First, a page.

In the event that you have very busy backgrounders, I'm a fan of getting them onto their own machine. Extract refreshes, as non-userfacing tasks, can afford to be laggy. Vizqlserver processes, on the other hand, cannot. Having them on the same machine means that extract refreshes can affect user views, which is something that can be avoided. That being said, I'd like to reiterate that this is mainly a concern if you have a lot of background tasks (I don't know this) and you're low on the core side (4 cores is less than I'd like to see for the 64-bit version in a worker that has a fairly full complement of server processes, as yours do).
In any case, start with the Desktop-on-Server test above. It may be revealing.
Thanks Rick for your reply
I did that test and I found that
For same workbook
Tableau desktop on my machine took approx 13 Secs
Tableau desktop on server machine took 24 Secs.
Tableau server approx 39 sec
Regarding configuration changes I tried below configuration as well but I found that performance is same as previous 39 secs for rendering .
Wow, quick work, Sunil!
- A 13-24 second diff between Desktop on one machine and Desktop on another sounds highly suspect to me.
- A 24-39 second diff between Desktop-on-Server and Server-in-browser is also suspicious.
Assuming that the above results are pretty consistent, there may be more than one factor in play here.
- Run Desktop performance recordings on both Desktop clients (make sure they're running the EXACT Desktop version and workbook file). Perform the exact same set of steps on each that will reveal the timing discrepancy. Look for differences in the performance recording to indicate where the problem lies. My bets are on rendering time, as I'm assuming query result timings will be similar.
- Run performance recording in Desktop on Server, and on Server. Again, make sure that everything is the same, republishing if needed to guarantee. If possible, run the same version of Desktop and Server (again, the guts are similar). Look for differences in the perf recordings. I'm won't guess where the diff here will be. (Maybe rendering again...?)
- Try Server with ?:render=false in the URL to see if that changes the browser timings. See About Client-Side Rendering for more info.
Perform all tests as per Rick's advices & comp, and in the end open a trouble ticket with Tableau support team. Upload all the recordings, give them clear explanations for each measurement and also point them to this thread.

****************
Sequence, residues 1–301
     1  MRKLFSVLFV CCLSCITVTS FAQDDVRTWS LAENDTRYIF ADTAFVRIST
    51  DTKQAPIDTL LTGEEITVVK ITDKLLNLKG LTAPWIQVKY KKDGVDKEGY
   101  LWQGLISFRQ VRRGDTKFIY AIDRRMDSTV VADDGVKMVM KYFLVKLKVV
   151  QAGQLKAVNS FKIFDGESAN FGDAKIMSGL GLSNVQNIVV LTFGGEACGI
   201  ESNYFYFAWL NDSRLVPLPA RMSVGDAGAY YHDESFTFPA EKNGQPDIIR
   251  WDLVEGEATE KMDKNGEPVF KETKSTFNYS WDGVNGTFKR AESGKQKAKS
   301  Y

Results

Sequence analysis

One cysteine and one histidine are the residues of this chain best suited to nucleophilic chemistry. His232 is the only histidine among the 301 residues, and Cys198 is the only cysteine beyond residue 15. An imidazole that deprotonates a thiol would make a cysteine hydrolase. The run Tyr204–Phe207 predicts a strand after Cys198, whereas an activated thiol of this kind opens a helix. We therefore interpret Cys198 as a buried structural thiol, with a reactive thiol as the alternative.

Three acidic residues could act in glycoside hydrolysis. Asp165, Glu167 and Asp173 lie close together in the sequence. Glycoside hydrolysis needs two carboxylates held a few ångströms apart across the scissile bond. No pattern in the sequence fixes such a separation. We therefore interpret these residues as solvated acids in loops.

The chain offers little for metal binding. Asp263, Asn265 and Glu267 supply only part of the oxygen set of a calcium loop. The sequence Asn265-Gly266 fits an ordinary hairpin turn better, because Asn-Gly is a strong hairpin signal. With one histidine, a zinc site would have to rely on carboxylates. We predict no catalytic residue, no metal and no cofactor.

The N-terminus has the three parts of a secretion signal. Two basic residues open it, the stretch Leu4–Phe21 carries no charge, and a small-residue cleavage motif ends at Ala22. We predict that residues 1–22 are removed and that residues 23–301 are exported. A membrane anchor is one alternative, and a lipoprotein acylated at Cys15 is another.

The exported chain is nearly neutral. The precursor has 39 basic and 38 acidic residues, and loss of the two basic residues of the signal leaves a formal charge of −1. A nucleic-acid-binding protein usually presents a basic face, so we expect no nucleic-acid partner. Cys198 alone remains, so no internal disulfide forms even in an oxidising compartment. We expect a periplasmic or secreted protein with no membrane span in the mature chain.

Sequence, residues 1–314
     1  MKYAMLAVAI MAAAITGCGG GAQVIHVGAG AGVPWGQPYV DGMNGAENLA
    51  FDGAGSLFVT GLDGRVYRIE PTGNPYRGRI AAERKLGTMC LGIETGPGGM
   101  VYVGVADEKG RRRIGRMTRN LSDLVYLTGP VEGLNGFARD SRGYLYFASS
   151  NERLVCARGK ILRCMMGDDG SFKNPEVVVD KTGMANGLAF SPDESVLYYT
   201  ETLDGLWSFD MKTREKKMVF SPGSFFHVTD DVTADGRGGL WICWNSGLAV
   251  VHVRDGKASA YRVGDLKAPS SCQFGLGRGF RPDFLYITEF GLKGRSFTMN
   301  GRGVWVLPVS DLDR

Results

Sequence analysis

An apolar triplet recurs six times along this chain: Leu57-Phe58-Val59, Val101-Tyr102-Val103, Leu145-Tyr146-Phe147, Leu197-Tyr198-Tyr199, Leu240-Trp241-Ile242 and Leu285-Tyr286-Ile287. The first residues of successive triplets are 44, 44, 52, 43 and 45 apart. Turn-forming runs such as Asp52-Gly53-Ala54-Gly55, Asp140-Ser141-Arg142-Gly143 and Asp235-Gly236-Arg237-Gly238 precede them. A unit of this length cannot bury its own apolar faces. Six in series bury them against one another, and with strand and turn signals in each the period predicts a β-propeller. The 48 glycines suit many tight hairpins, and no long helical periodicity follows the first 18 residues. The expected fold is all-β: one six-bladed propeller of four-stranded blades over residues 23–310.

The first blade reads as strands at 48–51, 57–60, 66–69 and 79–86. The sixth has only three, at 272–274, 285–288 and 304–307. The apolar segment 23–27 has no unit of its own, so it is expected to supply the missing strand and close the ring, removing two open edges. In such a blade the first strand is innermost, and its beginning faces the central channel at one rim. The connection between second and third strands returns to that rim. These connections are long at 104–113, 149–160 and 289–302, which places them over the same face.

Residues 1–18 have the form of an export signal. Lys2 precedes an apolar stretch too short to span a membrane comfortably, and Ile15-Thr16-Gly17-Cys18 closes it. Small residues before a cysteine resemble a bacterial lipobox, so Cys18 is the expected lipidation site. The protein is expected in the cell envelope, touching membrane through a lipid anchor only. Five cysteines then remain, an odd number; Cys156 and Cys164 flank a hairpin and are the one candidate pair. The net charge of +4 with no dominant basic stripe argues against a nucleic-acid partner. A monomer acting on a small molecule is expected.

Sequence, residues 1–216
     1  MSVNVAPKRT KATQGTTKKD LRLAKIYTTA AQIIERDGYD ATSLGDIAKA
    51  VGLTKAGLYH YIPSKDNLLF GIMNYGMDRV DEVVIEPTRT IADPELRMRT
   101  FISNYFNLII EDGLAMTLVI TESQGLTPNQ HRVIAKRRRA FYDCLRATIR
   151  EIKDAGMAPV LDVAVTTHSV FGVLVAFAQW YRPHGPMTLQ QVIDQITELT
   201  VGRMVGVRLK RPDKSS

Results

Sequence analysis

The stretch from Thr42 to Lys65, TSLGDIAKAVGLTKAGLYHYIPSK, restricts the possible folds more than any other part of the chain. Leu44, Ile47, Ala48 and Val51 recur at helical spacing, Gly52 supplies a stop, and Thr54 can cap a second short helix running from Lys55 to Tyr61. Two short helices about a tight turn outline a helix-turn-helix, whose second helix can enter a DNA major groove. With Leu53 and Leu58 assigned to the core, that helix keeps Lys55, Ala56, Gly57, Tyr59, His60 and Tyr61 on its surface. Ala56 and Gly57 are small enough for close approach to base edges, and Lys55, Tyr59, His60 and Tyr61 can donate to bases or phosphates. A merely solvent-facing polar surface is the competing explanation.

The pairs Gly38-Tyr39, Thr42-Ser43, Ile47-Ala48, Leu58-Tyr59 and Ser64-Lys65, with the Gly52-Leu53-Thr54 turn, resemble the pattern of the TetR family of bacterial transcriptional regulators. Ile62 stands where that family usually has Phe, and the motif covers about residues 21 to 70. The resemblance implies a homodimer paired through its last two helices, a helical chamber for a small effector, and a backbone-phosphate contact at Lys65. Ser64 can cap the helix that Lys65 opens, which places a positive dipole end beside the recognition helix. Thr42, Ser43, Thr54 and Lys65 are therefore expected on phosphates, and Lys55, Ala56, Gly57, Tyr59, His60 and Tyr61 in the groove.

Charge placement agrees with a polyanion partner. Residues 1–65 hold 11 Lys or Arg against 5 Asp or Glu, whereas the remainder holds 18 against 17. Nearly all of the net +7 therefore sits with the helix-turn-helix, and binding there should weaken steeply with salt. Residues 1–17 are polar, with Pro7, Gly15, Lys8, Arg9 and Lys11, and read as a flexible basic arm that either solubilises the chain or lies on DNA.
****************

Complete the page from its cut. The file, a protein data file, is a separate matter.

Perf. recording file contains a lot of low level details and the support team could better execute a forensic analysis.
The 9.x.x version will came with a shared coherent cache for all Vizql processes, so the rendering time for the same viz but different client will be dramatically improved.
If the Backgrounder processes put too much load on the server one option is to "externalize" the duty to a 3rd party tool.
One thing that looks wrong to me is the configuration of the servers as shown in the before and after images. Seems like a bunch of changes at once. What were the times with the original server setup? Maybe just drop one vizql process instead of two? Have a backgrounder together with the data engine?
Sometimes a small change can make a big difference. As a real-life example, we went from 4 cores to 8 and increased our RAM and HDD space. Processes were still backing up and taking a long time. By simply increasing our backgrounders from 2 to 3 gave a substantial performance boost to our heavy extract environment.
I discussed with my management and IT team along with server architecture .we are going to perform a test tonight with some hardware upgrade , I will have 4 cores and 16 GB RAM on primary(Its just a gateway) and then upgraded each worker will have 8 cores instead of 4 and 64 GB RAM instead of 32 GB and we will try to our old configuration ,if will not work then I would try other configuration(dedicated backgrounder /vizql ...etc ) ,I will update here when I will get the performance result .Hoping for the best !!
I would caution you about the original configuration. Tableau Server does not work int he same way as a lot of other tools in that adding more processes is not always a great way to resolve a rendering time issue. If your users are often looking at the same information, more processes can actually slow the rendering.
Adding more cores and RAM though is always a good bet. More resources for the rendering actions.
Additionally, while there are third party tools that can create TDE files, having the Backgrounder processes on their own dedicated machine (as you did above) accomplishes the same result with less complexity and fewer points of failure.
Looking forward to hearing your results!
Tableau Server v8 1 ELB Support
Thanks for your reply again .
its just a test though ,our IT team ran a performance test on window server box and found that the processor consumption/utilization was more then 80% on different time frame . So just to check if adding more power to workers will help anything .If old configuration will not work with powerful machine too then for sure I will make changes on configuration on same powerful machine to try my luck with performance .